The photo is from 1993, when Sanders was in the House of Representatives and Clinton was leading her husband’s efforts to pass health care reform. In the picture, Clinton and Sanders are meeting. Below, the first lady inscribed a message: “To Bernie Sanders with thanks for your commitment to real health care access for all Americans.”
That praise matters because health care has suddenly become a major issue in the Democratic presidential primaries. Sanders, now a senator, is a longtime advocate for single-payer insurance, in which most people get coverage directly from the government. Clinton says single-payer is impractical, as politics and policy.
In just the last week or so, the attacks have gotten increasingly sharp and, in some cases, misleading. Inscribed photos don’t always mean that much; politicians give them out all the time as gestures to supporters. But in this case, the impression is accurate. When it comes to the broad goal of “real health care access for all Americans,” Clinton and Sanders actually agree -- more than Clinton’s recent arguments might suggest.
But Clinton isn't the only one exaggerating their differences -- or, at least, the significance of their differences.While Sanders supports the Affordable Care Act as an important step toward improving health care access, he frequently touts his support for “universal health care” as if that sets him apart from Clinton. In reality, Clinton believes everybody should have health care and that government has a responsibility to make that happen -- that is, she also believes in universal health care. Her difference with Sanders is over how to achieve it.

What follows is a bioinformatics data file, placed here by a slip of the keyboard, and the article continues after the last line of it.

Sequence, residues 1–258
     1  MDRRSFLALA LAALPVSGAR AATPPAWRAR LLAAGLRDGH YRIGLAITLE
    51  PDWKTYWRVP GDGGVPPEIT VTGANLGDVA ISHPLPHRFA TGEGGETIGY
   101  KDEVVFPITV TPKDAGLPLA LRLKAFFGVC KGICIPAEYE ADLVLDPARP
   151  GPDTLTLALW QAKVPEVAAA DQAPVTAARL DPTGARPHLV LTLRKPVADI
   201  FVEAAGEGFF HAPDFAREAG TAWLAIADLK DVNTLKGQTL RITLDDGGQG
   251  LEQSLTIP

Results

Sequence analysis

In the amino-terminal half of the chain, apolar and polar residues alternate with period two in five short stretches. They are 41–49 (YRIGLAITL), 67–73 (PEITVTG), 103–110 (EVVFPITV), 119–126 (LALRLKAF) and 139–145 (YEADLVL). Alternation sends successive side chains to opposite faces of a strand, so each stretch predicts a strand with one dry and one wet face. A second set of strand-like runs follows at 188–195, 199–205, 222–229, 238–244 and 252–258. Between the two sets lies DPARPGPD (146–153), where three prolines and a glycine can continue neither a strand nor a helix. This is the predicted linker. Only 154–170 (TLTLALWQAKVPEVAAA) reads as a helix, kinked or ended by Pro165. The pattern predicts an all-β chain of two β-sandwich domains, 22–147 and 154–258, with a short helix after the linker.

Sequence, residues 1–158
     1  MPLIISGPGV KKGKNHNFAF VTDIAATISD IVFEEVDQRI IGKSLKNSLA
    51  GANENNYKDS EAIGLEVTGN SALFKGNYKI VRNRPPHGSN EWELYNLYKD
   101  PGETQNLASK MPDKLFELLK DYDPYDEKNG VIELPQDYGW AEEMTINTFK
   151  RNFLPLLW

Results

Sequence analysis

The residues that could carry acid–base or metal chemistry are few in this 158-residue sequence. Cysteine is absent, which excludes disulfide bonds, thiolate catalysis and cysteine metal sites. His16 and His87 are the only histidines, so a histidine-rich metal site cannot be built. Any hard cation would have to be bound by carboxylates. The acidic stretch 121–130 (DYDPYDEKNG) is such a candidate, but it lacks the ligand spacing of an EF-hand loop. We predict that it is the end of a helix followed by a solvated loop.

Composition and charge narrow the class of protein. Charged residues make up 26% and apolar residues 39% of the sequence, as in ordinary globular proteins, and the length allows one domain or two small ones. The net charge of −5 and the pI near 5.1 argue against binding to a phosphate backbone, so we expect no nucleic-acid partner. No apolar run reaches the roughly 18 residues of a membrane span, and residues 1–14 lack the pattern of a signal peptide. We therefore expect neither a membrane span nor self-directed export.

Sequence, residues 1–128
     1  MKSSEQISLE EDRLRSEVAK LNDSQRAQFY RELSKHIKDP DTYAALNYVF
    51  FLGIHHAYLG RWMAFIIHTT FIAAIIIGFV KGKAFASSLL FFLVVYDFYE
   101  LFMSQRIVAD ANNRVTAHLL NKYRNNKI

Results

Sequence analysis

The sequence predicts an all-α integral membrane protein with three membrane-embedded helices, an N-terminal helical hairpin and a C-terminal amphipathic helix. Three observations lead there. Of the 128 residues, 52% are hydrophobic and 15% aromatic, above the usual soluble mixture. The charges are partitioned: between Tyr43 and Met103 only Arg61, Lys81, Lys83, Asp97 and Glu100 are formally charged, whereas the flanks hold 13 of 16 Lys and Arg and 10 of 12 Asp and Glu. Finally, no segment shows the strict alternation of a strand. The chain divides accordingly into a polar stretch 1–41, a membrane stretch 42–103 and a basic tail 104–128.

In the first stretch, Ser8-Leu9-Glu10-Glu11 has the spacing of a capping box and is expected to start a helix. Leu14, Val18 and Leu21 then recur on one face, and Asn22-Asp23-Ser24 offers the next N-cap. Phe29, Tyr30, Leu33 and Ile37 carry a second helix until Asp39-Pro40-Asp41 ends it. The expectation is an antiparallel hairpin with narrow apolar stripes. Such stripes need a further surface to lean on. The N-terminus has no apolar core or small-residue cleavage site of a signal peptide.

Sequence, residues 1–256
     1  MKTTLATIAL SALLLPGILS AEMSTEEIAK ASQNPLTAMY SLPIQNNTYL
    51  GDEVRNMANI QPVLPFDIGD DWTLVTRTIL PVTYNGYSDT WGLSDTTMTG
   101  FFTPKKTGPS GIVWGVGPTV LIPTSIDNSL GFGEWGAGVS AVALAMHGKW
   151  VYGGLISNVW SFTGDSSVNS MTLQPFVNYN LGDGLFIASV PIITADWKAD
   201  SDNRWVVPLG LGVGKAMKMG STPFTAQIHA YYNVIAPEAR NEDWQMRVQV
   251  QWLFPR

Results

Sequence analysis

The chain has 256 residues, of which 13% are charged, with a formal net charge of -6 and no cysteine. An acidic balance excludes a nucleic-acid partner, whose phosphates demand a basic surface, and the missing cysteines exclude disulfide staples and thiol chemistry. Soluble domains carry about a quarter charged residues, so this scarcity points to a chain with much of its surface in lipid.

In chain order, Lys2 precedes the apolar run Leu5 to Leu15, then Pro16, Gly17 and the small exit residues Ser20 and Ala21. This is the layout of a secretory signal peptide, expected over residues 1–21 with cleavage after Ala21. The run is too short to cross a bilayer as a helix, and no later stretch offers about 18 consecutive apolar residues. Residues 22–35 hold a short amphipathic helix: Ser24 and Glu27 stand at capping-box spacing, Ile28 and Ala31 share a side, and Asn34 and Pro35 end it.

In some political environments, that distinction would matter a lot. In today’s political environment, it matters very little. Single-payer would be difficult to pass in a Democratic Congress. It has no shot whatsoever with Republicans in charge. Come 2017, when the next president takes office, the big question will be whether to keep the Affordable Care Act or to repeal it. Republicans prefer the latter. Sanders would fight them hard on that, just as surely as Clinton would.
And it’s not just health care. While Clinton and Sanders have clashed on several issues, those arguments mask a common allegiance to progressive goals. Their disputes are largely about emphasis and means. When it comes to what a Democratic president would actually be doing for the next four years -- blocking extreme proposals from the Republicans, while finding opportunities for small liberal reforms when possible -- the two would probably adopt extremely similar postures.
Consider the debate about guns. Clinton has touted her strong and long-standing advocacy for laws that would restrict firearms ownership, and contrasted that with Sanders’ record, which includes votes against background checks and waiting periods in the 1990s -- along with more recent votes to shield gun manufacturers from lawsuits. Her account of their respective histories is correct, and Sanders' attempts to justify his votes have been conspicuously weak. Vermont is a rural state, with high rates of gun ownership. From the looks of things, Sanders was engaging in some pretty typical constituent politics.